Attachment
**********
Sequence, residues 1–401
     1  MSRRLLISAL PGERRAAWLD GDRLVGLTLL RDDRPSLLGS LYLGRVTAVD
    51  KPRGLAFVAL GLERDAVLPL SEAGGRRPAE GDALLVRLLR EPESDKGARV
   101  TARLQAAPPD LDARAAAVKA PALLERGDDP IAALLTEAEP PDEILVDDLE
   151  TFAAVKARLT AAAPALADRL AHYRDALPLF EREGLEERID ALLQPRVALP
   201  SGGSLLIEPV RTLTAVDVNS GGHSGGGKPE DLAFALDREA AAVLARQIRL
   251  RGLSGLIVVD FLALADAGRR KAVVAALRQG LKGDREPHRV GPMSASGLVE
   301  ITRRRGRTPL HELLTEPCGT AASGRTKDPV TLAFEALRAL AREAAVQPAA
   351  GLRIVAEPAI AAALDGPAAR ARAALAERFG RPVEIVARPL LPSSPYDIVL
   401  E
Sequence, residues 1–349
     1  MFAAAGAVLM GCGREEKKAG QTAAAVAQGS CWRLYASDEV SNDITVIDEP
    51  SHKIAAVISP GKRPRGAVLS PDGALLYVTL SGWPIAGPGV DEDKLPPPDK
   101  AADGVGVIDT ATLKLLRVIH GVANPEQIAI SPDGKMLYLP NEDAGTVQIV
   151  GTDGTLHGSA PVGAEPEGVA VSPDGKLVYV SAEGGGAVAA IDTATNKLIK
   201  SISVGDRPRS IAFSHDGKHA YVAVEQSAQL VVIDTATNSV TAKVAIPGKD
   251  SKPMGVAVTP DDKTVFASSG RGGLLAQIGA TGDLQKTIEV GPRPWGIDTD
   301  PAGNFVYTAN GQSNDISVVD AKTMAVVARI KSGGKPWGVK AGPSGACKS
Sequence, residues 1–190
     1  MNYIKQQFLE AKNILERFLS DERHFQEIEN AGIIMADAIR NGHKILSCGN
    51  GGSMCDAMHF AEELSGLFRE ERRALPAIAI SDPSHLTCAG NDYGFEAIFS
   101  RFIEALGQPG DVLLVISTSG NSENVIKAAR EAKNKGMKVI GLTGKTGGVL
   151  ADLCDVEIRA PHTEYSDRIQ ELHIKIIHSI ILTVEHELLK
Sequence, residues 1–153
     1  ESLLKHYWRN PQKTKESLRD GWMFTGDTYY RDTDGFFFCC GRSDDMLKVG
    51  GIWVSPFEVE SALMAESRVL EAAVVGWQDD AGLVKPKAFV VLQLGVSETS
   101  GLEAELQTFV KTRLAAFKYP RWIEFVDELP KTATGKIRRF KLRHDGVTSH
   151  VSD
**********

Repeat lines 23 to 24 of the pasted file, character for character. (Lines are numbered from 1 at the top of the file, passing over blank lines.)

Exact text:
   151  ADLCDVEIRA PHTEYSDRIQ ELHIKIIHSI ILTVEHELLK
Sequence, residues 1–153